Ultimately, the school moved to Oklahoma City in summer 1998 and was renamed Heartland Baptist Bible College.[5] The move was a consequence of both its financial problems and policy disagreements within the Baptist Bible Fellowship International education establishment. Heartland withdrew from its affiliation with the BBFI.

Heartland's executive vice president is Jeff Copes of Oklahoma City and the vice president is Aaron Denson, current pastor of Arden Road Baptist Church in Amarillo, TX. Until his death, Kevin F. O'Brien (1955–2008) was the Heartland secretary-treasurer, a leading figure among Independent Baptists, and the pastor of Bethany Baptist Church in Lubbock, Texas.

Accreditation status[edit]

Heartland Baptist Bible College is not accredited by any recognized accreditation body, nor does it seek accreditation.[citation needed]

Sports[edit]

Although Pacific Coast Baptist Bible College did have intercollegiate sports teams when it was in California,[6][7] HBBC does not now participate in any intercollegiate leagues, but it does offer intramural sports for students who wish to participate.

Notable alumni[edit]

  • Paul Chappell, Pastor of Lancaster Baptist Church and President of West Coast Baptist College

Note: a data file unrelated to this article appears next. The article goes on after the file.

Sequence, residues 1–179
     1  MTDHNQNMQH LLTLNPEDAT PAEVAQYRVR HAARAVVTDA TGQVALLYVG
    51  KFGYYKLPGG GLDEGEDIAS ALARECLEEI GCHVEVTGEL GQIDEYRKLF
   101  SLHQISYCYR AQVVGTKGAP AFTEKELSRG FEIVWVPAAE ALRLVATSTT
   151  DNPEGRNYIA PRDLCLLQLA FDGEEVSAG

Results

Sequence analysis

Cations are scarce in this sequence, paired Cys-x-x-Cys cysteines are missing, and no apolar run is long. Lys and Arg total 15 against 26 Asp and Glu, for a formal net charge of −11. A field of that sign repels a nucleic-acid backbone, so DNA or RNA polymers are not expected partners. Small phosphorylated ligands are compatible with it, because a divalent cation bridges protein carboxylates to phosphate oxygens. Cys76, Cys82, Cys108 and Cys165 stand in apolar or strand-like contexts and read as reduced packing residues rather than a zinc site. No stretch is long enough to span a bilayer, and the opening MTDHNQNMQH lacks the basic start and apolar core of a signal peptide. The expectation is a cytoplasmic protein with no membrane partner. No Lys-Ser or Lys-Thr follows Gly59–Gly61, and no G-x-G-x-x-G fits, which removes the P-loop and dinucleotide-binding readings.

• David J. Edmondson, former RadioShack CEO[5] falsely claimed to have received a psychology degree from Pacific Coast Baptist Bible College.[8]
  • Jason Jett, associate pastor of Bible Baptist Church of Stillwater, Oklahoma[9]
  • James Merlo, pastor of Iglesia Bautista el Calvario of Oklahoma City, Oklahoma[10]
  • Floyd Schexnayder, Music Director at Southwest Baptist Church of Oklahoma City, Oklahoma and Music Department Chairman at Heartland Baptist Bible College until his death in 2008[11]
  • Ralph Shortey, former Oklahoma State Senator and convicted child sex trafficker[12]
  • Mike "Coach" Thomas, staff member at Heartland Baptist Bible College until his death in 2010[13]

References[edit]

  1. ^ William H. Brackney, Congregation and campus: Baptists in higher education (Mercer University Press, 2008), ISBN 978-0-88146-130-5, pp. 367–368. Excerpts available at Google Books.